I’ll Keep My Day Job!

Did you know that T.S Elliot had a day job? I didn’t! I just found that out through a google search on 101 Books. You see, I don’t know why, but for some reason I grew up with the idea that writers were just writers and nothing else. I’m not sure why I thought all writers lived off of their literary works and that alone. In reality, I am so wrong.

Seriously, check this out(from the 101 Books blog)!

Kurt Vonnegut sold cars. He managed a Saab dealership in Cape Cod.

John Steinbeck was a tour guide at a fish hatchery.

Sylvia Plath worked as a receptionist at a psychiatric hospital.

Harper Lee was a ticket agent for Eastern Airlines.

I think that’s amazing, but since I don’t recognize any of those authors, I’ve decided to look into some that I am more familiar with.

My favorite childhood author, Lucy Maud Montgomery, was a teacher for three years, and then a proof reader for The Daily Echo in Halifax.

Let’s see, who else do I read? Margaret Daley; Love inspired author, what does she do, besides write? Okay, what she did for 27 years before she retired, was to be a teacher to students with special needs.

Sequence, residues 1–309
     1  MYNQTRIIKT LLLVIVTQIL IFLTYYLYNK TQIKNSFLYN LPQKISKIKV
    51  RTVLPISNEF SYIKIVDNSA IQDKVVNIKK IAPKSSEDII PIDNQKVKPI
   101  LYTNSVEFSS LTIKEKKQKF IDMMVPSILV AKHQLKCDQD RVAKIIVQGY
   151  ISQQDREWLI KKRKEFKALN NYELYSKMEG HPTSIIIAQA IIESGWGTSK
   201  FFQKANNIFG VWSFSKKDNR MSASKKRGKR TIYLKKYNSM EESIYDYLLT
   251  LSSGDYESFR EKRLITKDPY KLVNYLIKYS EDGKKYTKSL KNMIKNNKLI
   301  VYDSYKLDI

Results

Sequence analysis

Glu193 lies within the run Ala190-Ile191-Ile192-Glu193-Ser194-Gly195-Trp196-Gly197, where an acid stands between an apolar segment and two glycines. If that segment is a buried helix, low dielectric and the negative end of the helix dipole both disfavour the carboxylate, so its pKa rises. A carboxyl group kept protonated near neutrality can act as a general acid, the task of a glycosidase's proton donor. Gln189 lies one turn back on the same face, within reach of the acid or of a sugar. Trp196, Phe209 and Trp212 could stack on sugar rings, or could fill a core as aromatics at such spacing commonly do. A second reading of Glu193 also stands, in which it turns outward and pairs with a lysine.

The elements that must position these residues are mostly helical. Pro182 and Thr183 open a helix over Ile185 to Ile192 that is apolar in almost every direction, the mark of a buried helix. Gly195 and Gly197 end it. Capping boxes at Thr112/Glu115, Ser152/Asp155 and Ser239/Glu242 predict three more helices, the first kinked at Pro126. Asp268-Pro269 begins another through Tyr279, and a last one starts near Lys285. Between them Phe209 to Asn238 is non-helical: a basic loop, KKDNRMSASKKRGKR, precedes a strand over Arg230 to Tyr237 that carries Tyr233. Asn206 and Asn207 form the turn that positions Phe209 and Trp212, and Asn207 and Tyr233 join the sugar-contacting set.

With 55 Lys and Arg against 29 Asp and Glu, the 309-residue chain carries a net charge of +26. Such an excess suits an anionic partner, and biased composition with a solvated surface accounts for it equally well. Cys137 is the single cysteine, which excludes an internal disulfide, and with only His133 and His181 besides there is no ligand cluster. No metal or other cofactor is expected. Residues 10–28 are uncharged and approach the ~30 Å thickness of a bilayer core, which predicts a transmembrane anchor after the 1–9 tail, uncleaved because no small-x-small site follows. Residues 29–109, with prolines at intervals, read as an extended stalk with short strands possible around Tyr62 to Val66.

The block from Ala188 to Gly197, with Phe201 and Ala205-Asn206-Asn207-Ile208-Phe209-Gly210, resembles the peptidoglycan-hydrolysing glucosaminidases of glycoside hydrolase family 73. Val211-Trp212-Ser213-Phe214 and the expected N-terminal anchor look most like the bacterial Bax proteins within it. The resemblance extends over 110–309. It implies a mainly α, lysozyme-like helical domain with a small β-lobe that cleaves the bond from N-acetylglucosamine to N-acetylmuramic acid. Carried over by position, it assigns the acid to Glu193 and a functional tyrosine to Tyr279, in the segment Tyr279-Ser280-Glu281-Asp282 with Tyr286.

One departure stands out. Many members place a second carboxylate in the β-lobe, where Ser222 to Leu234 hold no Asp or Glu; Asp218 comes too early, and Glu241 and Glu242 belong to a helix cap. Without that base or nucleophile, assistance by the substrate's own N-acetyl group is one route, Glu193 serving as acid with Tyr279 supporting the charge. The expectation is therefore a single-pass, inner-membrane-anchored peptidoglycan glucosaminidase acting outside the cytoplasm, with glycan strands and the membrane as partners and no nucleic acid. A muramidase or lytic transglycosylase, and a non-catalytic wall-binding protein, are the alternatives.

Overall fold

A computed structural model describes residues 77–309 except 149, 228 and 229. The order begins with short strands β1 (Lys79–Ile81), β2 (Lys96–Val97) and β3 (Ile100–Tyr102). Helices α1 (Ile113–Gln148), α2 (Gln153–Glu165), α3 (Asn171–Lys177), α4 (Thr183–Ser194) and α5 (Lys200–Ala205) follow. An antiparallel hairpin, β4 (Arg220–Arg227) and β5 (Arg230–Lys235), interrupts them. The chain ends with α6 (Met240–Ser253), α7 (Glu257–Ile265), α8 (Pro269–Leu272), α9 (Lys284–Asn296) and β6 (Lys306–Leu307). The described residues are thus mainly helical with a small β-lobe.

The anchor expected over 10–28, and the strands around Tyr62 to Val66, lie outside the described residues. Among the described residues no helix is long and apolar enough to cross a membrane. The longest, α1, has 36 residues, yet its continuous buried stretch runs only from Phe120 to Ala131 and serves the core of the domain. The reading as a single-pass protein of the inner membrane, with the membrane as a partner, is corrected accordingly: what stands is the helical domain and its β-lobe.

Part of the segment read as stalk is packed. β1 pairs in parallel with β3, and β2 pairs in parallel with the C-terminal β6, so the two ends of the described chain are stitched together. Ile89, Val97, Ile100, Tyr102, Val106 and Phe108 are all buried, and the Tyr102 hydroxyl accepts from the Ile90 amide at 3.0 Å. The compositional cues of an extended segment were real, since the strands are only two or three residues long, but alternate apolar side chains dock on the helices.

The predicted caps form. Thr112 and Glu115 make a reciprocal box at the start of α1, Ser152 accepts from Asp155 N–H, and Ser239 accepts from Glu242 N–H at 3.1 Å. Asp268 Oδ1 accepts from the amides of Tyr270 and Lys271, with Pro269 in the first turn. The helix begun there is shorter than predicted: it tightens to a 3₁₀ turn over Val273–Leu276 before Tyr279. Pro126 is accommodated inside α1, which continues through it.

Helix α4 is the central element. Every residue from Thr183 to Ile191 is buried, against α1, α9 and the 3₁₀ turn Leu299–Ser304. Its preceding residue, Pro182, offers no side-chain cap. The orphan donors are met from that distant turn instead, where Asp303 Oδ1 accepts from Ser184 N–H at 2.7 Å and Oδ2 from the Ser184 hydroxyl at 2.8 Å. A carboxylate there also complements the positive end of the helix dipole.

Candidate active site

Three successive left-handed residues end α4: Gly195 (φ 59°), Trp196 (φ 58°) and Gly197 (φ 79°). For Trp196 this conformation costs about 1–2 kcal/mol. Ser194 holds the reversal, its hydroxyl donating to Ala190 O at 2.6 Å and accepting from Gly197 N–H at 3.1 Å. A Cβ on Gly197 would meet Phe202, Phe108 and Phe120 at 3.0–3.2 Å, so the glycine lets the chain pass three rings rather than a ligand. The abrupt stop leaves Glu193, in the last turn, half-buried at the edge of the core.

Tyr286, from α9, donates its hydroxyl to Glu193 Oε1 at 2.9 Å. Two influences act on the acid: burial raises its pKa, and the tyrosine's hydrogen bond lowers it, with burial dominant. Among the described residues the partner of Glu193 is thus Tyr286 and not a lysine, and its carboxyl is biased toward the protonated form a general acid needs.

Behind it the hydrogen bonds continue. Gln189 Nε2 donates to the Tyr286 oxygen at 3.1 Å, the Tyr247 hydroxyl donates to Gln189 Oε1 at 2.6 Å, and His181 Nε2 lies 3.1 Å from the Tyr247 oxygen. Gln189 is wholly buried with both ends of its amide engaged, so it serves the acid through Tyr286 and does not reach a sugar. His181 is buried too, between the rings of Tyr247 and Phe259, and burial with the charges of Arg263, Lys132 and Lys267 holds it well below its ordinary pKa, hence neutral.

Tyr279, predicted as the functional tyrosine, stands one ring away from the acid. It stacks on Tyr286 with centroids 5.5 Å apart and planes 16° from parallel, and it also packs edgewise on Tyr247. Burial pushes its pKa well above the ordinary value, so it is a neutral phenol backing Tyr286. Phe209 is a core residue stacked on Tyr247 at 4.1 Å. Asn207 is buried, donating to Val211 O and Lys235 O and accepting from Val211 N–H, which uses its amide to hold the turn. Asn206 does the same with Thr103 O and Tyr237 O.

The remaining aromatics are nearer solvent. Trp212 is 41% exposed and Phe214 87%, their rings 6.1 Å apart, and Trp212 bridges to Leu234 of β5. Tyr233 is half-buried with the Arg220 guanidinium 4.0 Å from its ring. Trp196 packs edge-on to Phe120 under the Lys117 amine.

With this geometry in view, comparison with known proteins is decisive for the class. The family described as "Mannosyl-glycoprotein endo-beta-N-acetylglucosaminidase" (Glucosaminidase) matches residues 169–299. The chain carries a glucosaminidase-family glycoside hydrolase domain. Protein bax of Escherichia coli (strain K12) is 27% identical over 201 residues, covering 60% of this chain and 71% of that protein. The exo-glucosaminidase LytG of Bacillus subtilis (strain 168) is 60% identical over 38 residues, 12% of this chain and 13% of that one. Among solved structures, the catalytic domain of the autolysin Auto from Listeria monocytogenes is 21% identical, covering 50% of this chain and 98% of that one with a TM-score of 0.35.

Basically, what I’m getting at is, if they can be successful writers, and have a day job, so can I.

I can let go of this idea that I wont reach my dream if I’m stuck working at a day job. The truth is, I’m lucky to have a day job. Not to mention one where I am surrounded by wonderful coworkers in a pleasant work environment. I won’t lie and say that it’s my ideal job, but it pays the bills and provides me with experience, and more times than not, it inspires my writing. So why would I stop?

I imagine that if writers all quit their day jobs, they would run out if ideas. We need our day jobs! We just have to balance our day job with our writing. It’s all about time management really!


3 thoughts on “I’ll Keep My Day Job!

  1. Youre quite right; I’ll add one to your list too: Stephen King, before he started writing full-time, was a college English teacher. When someone quits their job to write and they don’t have some income-producing deal already on the table it’s like getting on a bus to Hollywood and proclaiming that you will return a star; it’s a huge gamble with potentially disastrous consequences. So keeping the job is a good play, and one I highly respect. Kudos to you, Margaret!

    I highly recommend Vonnegut’s short novel called Cat’s Cradle. It’s a little weird at first, but totally worth it.

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